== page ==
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Private forecasters expecting weak monsoon rains in the key crop-planting months

Private forecasters in India and abroad are expecting weak monsoon rains in the key crop-planting months of July and August.

, ET Bureau|
Updated: Jul 02, 2012, 08.06 AM IST
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NEW DELHI: Private forecasters in India and abroad are expecting weak monsoon rains in the key crop-planting months of July and August, particularly in the central and western regions, where farmers may face drought-like conditions on top of the arid weather in June, which was among the driest in the past 50 years.

The monsoon made a delayed and shaky start last month and was 29% below average in June.

The first month of the June-September season was drier only in the drought year of 2009, when it was 47% in deficit and before that in 1966 when it fell 33% short. The weather office maintains that all will be well, but independent forecasts are ominous although they stop short of predicting a drought this year.

US-based forecaster Accu-Weather says only some parts of India will see normal rainfall. “Overall rains in India are likely to be below normal,” it said.



Rajasthan, Gujarat likely to be worst-affected

"The rainfall is likely to be normal in southern parts and along the western coast. Northeastern and eastern states will also get ample rainfall. But there may be deficient rains in central, northern and western India. Rajasthan and Gujarat are likely to be the worst-affected, getting 70-80% of the normal rainfall," AccuWeather Agricultural Meteorologist Dale Mohler told ET by telephone.

This will hurt output of oilseeds, coarse grains and guar.

Another US-based weather centre, the Center for Ocean-Land-Atmosphere (COLA) Studies, said rainfall has been anomalously low across India other than the northeast, and near-term forecasts do not indicate a quick return to normal rains.

"This may be related to the growing warm sea surface temperature anomaly in the eastern tropical Pacific, which may continue to grow large and persistent enough to be labeled an El Nino event-warm SST in the eastern tropical Pacific is historically related to lower-than-average monsoon rainfall in India," said Jim Kinter, director, COLA.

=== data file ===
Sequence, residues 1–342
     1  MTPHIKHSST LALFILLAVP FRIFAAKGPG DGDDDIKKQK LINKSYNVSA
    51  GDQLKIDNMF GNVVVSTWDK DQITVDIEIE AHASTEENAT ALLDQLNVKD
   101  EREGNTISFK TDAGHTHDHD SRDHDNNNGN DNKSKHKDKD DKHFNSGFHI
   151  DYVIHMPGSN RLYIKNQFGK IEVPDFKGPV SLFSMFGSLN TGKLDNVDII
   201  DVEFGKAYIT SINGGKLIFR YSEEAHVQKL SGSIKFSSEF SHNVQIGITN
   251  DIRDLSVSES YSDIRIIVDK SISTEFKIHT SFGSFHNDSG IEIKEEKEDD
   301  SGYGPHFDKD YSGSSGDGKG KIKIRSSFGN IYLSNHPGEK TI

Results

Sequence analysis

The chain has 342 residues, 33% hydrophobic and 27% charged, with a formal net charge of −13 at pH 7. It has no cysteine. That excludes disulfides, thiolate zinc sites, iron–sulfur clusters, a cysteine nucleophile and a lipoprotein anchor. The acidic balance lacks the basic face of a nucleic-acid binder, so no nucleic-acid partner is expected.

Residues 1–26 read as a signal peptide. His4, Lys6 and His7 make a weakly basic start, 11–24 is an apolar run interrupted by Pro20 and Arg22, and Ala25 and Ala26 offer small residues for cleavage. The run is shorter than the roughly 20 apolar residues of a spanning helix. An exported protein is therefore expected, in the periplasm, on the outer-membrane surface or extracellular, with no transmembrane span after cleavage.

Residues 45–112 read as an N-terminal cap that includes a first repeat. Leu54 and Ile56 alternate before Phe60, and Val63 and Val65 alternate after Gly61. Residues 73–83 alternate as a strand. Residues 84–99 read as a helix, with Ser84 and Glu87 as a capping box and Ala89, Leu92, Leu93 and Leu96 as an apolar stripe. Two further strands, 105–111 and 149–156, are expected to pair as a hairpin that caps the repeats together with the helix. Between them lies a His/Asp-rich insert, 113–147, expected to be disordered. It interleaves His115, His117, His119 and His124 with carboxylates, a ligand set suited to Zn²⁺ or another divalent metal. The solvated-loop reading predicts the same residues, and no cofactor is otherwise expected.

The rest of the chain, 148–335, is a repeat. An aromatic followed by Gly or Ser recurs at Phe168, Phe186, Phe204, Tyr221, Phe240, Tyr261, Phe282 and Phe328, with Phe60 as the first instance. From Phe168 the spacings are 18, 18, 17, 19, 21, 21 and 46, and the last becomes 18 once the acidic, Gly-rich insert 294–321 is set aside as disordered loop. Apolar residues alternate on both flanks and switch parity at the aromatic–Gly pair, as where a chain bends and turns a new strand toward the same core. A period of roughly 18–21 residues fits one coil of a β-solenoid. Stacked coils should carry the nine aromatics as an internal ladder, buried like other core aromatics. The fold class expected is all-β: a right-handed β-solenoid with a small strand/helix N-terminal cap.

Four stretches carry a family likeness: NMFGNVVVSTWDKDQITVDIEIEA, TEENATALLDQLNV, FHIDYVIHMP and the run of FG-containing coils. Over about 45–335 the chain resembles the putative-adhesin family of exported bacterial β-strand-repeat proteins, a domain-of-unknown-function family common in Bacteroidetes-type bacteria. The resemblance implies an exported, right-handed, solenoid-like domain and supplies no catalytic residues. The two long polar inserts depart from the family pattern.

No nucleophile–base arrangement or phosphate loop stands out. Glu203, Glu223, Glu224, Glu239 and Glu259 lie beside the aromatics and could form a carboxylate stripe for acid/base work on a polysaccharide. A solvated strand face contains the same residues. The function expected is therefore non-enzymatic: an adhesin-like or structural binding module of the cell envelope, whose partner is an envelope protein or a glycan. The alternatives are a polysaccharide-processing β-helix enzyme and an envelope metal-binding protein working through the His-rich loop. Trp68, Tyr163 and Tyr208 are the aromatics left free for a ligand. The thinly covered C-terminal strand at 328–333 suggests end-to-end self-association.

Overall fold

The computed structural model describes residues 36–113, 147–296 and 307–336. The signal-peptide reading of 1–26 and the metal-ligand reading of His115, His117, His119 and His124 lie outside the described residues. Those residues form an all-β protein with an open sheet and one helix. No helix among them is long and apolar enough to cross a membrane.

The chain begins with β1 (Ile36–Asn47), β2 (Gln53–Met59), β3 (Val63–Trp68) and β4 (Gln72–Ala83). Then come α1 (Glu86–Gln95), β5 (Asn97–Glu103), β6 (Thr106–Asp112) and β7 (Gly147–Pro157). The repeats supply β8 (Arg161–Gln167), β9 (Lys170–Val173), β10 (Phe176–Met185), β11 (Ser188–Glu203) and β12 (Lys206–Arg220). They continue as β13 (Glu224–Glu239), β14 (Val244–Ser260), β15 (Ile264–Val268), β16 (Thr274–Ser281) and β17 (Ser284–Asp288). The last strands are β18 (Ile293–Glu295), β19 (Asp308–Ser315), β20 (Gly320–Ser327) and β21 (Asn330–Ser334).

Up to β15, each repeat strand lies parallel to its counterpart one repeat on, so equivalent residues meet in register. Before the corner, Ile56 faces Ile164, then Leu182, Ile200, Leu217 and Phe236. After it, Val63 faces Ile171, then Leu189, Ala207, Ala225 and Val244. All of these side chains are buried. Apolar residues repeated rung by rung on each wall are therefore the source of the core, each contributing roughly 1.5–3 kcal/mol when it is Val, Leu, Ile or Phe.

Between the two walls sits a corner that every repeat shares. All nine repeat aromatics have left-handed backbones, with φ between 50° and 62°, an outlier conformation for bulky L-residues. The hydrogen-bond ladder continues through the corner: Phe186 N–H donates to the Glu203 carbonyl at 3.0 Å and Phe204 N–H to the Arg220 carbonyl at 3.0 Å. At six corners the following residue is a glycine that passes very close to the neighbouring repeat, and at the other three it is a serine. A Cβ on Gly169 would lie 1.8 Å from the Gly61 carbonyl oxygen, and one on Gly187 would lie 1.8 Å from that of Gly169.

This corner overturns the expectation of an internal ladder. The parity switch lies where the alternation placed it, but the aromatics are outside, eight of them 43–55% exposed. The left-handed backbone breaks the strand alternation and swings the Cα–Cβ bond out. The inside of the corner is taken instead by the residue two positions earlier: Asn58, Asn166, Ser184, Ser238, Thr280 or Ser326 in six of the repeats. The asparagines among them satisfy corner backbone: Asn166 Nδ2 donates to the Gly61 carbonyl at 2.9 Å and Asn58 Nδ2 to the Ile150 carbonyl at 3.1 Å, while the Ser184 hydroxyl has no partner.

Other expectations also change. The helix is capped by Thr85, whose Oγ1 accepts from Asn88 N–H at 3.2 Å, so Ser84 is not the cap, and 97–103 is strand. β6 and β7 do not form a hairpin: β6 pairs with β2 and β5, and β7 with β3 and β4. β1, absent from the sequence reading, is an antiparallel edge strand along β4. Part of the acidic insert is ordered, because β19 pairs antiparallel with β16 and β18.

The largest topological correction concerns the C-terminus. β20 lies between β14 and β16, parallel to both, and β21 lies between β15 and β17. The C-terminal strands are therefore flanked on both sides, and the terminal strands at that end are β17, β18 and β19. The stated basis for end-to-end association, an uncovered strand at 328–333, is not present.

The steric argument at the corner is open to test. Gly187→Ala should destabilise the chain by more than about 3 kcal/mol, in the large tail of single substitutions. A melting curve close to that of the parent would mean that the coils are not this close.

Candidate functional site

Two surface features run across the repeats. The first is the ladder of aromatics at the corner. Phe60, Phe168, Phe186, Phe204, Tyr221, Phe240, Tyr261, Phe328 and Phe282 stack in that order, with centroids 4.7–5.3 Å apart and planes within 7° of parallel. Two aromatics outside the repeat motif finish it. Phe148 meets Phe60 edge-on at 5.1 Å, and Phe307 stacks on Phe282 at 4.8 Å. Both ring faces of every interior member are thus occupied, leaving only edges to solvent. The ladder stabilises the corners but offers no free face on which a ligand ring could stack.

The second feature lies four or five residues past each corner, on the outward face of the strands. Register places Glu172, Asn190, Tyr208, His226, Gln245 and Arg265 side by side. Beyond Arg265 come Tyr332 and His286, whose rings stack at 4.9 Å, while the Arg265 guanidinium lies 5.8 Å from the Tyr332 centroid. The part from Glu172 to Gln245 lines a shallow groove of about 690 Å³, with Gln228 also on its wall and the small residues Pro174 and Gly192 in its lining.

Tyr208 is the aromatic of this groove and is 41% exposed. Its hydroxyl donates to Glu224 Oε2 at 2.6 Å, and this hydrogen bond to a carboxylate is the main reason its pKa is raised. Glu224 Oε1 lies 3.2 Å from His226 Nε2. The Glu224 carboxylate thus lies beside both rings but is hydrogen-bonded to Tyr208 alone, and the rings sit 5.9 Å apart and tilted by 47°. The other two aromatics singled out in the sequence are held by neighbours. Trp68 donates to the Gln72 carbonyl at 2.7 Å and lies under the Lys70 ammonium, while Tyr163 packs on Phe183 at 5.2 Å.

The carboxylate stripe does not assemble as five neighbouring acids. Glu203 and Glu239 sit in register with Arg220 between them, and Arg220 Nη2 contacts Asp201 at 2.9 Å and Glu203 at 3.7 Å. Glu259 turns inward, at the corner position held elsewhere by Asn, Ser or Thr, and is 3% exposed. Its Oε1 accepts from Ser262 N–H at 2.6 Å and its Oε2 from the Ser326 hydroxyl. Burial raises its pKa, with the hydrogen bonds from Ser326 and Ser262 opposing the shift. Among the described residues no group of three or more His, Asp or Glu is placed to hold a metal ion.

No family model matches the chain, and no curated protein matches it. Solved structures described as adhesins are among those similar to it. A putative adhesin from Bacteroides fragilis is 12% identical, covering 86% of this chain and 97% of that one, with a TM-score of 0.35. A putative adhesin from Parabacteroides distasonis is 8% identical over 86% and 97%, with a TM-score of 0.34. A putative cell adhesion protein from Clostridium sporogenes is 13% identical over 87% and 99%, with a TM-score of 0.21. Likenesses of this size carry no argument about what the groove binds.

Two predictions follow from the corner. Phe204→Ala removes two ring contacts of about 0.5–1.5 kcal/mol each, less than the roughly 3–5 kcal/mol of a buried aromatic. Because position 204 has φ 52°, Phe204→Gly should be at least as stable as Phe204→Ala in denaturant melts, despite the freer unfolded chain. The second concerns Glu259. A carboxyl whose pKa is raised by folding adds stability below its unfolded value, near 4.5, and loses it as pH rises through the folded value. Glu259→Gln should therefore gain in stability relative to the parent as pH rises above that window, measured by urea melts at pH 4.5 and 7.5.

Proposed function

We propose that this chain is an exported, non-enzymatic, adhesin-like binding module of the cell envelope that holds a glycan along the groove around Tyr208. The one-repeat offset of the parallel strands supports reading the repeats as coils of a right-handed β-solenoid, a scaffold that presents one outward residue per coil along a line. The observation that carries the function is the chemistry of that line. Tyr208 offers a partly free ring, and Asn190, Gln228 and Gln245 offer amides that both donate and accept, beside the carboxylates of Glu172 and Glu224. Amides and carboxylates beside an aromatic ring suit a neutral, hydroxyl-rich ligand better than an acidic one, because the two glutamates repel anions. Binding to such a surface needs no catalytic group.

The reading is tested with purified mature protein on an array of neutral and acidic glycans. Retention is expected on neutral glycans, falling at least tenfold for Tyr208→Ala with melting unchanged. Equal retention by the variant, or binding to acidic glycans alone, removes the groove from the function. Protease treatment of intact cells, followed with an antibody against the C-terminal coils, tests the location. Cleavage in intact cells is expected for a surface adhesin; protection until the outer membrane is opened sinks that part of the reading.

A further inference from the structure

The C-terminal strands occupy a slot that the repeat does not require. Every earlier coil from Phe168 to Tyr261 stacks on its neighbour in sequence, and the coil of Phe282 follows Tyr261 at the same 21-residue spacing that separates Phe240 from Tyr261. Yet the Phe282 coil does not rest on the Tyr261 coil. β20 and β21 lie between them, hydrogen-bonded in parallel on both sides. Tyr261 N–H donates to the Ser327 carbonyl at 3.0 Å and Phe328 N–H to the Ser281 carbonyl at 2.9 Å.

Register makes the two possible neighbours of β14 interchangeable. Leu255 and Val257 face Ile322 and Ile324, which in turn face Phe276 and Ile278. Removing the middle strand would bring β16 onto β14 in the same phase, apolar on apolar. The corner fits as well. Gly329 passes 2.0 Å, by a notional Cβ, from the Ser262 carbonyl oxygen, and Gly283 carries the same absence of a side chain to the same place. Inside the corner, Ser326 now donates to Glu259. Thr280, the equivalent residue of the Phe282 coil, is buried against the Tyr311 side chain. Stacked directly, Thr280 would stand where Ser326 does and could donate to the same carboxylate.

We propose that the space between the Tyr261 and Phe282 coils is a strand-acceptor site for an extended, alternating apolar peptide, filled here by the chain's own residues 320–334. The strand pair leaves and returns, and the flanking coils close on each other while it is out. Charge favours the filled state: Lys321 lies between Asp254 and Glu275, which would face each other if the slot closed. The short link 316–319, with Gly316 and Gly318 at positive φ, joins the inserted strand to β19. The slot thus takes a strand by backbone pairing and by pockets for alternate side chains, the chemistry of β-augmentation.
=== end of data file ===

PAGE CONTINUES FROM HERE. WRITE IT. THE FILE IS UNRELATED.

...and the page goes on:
IMD, in its second updated forecast, had maintained its forecast of normal rainfall but downgraded the amount of rain from 99% predicted earlier to 96% of the average.

However, the monsoon's advance continues to be about two weeks behind normal and the total rainfall deficit up to July 1 has widened to 31%.

Private weather forecaster Telvent DTN, in its report, has said monsoon continues to look fairly weak.

"It is also running well behind normal on its push towards the northwest. El Nino in the eastern Pacific would suggest a below-normal rainfall pattern for India this season. Computer models suggest little rain for key soyabean (west Madhya Pradesh) and groundnut areas (Gujarat/Tamil Nadu) of India during at least the next five days," the report said.

India-based private weather services provider Skymet also predicts weak rains. "There are 60% chances of a below-normal monsoon and 40% for a normal monsoon. Total rainfall during July will be around 95% of average, with Gujarat, Rajasthan, adjoining areas of west Madhya Pradesh and Haryana receiving lower-than-normal rainfall. Rest of northwest India would witness normal rains," said Skymet's founder and CEO Jatin Singh.

However, Jagadish Shukla, president, Institute of Global Environment and Society, said there is no serious cause of concern. "It's very difficult to predict long-range weather. There is fundamental lack of predictability. Our weather models are not good enough to predict mean of weekly rainfall beyond three weeks. They can have near-accuracy on projecting day-to-day precipitation up to one week," he told ET.

Shukla, a professor at George Mason University, was the founding scientist at the National Centre for Medium Range Weather Forecasting in New Delhi.

The relatively dry spell has not yet hurt agriculture significantly, but concerns are mounting as July is the most important month for sowing key crops such as soyabean, rice, cotton, cane and corn.

"If it continues to rain in eastern and northeastern states, rice output may not be an issue. But there is serious cause of concern for oilseeds such as soyabean and groundnut; and coarse cereals such as jowar, bajra and maize if monsoon doesn't progress northwards in the next one week," said RS Sharma, a senior agri-scientist at the Agricultural Policy and Research Centre.

 
Weather officials are concerned about the likely onset of El Nino conditions during August-September that generally trigger disruptions in rain patterns. Some Western scientists say there is a strong possibility of El Nino conditions developing. "By the end of the season, there are strong indications of weak El Nino conditions. Temperature is rising around half-a-degree above normal in the Pacific. This may affect September rainfall," said LS Rathore, director-general, IMD.

The Australian Bureau of Meteorology, whose forecasts about El Nino are widely respected, says the adverse weather phenomenon is very likely. "All seven models surveyed indicate conditions are likely to approach," it said on its website.

Other foreign agencies such as the Japan Meteorological Agency and the US Climate Prediction Center have indicated return of the El Nino weather pattern in the second half of 2012.

The United Nations weather agency, World Meteorological Organisation (WMO), also sees increased chance of El Nino in 2012. In its previous update in May, the WMO said it foresaw an equal chance of El Nino or neutral conditions in the second half of the year.

"Now we're saying El Nino has a slight edge over neutral conditions," WMO Spokeswoman Clare Nullis said.

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